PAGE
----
“We will start with typical cis heterosexual men to explain what it is. These men desire women. However, they also desire to be seen as manly, possessing strength and prowess.”
      I recently did a sex fantasy survey where I asked people to describe their sexual fantasies qualitatively, and of the 15 men who gave nonempty responses, somewhere between 0 and 2 mentioned desire to be seen as manly. (One mentioned being dominant, one mentioned his partner playing with his penis as it grows. I think it’s a bit of a stretch to class these as “desire to be seen as manly, possessing strength, and prowess”, but I’m willing to round it in your favor.) As such, I don’t really think this is what men think the most about when they think about sex.

      “In fact, even back in Blanchard’s time an erotic-natured fantasy of a hypermasculine transformation existed and was aimed at cis heterosexual man. i mean the comic series named “The Incredible Hulk”.”
      I’ve never heard of men finding The Incredible Hulk arousing, but I can add a question on it to a survey.

      “If the Hulk-fantasist is not experiencing “autoandrophilia” why would the Barbie-fantasist be experiencing “autogynephilia”?”
      If I heard about a gay man whose primary fantasies involved Hulk-like transformations, I’d probably diagnose him as autoandrophilic…

      “I would even suggest that most of the alleged difference between women’s and men’s sex drives is cultural, not biological. So it is harder to get the underying eroticised feelings of most women about their bodies.”
      That seems to be in direct contradiction with most data I’m aware of. I had far more women saying that they were aroused by having a female body than men saying they were aroused by having a male body in approach 2, for instance, and there’s various other things that contradict what you say, e.g. here: https://twitter.com/DegenRolf/status/1026533747150217216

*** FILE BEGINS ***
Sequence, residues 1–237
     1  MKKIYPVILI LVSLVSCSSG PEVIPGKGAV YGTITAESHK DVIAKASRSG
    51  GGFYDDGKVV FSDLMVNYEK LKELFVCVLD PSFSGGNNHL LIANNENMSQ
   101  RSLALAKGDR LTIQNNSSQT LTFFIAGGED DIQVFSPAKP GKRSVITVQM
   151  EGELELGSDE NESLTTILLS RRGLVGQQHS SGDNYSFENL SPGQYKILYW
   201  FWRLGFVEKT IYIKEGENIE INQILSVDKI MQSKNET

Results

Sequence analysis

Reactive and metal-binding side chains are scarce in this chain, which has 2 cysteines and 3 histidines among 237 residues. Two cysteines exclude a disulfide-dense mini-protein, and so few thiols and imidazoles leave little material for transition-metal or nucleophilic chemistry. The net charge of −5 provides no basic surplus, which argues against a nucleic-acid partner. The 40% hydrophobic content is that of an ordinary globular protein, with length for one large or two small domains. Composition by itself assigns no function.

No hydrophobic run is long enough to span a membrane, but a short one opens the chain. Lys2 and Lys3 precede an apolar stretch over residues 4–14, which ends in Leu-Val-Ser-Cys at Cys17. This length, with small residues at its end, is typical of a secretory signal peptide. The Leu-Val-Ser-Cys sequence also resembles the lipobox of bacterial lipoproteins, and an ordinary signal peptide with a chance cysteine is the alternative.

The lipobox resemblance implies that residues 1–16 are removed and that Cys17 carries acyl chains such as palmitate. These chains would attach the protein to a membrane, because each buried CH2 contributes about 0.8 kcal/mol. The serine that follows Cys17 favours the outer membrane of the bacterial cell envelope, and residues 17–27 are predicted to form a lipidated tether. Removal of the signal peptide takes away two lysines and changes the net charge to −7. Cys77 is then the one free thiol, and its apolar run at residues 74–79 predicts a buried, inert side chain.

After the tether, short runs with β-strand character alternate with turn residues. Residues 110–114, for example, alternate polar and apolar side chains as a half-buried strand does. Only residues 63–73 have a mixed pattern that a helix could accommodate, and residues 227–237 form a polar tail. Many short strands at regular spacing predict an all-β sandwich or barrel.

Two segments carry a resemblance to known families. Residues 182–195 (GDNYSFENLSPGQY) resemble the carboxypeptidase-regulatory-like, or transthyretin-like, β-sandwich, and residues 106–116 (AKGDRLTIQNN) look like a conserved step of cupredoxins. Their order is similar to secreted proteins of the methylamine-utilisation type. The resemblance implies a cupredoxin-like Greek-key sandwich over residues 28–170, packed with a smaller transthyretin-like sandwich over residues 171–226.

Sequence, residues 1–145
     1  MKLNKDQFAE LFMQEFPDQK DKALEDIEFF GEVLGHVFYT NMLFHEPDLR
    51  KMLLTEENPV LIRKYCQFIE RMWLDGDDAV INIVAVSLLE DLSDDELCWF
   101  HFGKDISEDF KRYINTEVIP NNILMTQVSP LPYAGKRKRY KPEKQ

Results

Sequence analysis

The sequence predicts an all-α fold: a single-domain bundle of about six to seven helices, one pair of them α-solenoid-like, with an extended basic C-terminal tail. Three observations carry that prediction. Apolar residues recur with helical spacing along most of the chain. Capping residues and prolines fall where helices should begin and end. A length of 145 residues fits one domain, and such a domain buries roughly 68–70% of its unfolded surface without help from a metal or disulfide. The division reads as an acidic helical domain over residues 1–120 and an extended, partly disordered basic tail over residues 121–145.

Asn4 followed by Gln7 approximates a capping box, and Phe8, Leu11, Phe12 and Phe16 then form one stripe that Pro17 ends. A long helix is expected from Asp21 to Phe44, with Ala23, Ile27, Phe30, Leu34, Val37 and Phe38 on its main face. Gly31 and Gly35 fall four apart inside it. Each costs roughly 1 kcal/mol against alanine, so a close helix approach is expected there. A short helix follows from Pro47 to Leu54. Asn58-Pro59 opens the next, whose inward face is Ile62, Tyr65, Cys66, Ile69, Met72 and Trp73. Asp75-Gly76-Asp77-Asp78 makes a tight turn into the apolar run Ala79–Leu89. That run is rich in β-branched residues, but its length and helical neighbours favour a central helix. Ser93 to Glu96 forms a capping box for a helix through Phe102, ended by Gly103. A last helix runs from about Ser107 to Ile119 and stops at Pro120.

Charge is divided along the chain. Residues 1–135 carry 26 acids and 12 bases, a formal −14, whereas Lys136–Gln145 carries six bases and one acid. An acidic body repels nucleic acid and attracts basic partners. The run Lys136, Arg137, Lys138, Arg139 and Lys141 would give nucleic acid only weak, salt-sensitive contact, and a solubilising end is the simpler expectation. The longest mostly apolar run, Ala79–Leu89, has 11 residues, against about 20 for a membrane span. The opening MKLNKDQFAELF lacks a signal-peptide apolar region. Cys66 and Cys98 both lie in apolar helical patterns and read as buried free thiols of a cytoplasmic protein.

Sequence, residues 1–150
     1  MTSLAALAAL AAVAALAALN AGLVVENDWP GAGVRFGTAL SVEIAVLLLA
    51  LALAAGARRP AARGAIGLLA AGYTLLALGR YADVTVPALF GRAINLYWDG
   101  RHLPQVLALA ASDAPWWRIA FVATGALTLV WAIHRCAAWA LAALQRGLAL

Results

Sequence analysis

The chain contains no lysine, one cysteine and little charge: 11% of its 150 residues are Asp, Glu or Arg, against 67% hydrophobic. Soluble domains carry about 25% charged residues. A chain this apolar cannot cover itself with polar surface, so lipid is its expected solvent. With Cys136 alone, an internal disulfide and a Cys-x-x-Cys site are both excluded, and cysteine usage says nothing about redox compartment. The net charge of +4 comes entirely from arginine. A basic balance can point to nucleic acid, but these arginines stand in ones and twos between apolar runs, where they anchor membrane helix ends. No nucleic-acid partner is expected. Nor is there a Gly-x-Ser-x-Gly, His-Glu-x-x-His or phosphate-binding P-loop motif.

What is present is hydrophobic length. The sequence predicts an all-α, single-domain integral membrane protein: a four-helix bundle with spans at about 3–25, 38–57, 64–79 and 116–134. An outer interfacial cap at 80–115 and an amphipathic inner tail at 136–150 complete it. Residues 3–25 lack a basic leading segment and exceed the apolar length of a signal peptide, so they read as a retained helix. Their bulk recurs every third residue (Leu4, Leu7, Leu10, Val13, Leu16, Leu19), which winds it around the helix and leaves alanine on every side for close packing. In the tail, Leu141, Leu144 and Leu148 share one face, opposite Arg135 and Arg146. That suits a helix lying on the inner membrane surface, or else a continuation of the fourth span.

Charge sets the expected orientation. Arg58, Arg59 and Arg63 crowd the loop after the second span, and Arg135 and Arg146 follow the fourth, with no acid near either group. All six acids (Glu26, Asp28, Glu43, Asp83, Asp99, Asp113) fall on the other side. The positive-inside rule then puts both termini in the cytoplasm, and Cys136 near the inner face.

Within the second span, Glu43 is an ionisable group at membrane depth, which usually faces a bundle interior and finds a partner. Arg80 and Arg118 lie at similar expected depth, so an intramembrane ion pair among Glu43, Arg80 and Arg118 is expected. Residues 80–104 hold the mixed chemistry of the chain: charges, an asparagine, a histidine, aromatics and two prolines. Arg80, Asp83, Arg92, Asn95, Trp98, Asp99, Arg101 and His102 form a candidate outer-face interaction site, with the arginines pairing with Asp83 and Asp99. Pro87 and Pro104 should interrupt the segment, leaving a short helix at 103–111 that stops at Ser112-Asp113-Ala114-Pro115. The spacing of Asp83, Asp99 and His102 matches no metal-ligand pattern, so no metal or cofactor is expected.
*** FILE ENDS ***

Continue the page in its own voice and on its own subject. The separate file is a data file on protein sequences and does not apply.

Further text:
Like

      • I did not actually say that “autogynephilia” is a “form of feminized sexuality” because I’m not sure what a “feminized sexuality” is. Your position, “I would think that it is androphilia that is feminized sexuality”, is heteronormative and therefore in this context entirely invalid. Besides, you also write – in the same comment – that you “had far more women saying that they were aroused by having a female body”, which would in fact support a notion that “autoynephilia” is a “femnized sexuality” – except I think we’re in a territory where cultural limitations onterfere with answers.

        I suggest that, regardless of sex or gender, “erotic self-image” is a separate variable from “erotic target”. But men are culturally conditioned not to talk about erotic self-image, which is why you won’t get it in a poll of men. In my theory, you will, however, get much more of it if you poll *women who have sex with men* about what arouses and satisfies *their partners*.

        As for “orientation”, we need to remember that is a model too, a model predicting range of sexual targets. It is a pretty good model, not without its exceptions but that’s true for any model. However, my statement is that “erotic self-image” is a separate variable and therefore not determined by orientation.

        Like

      • “I did not actually say that “autogynephilia” is a “form of feminized sexuality” because I’m not sure what a “feminized sexuality” is.”
        By “feminized sexuality” I’m referring to the hypothesis that there are sex differences in how one’s sexuality works, where “feminized sexuality” refers to a sexuality that (at least in some ways) has developed to work like a woman’s.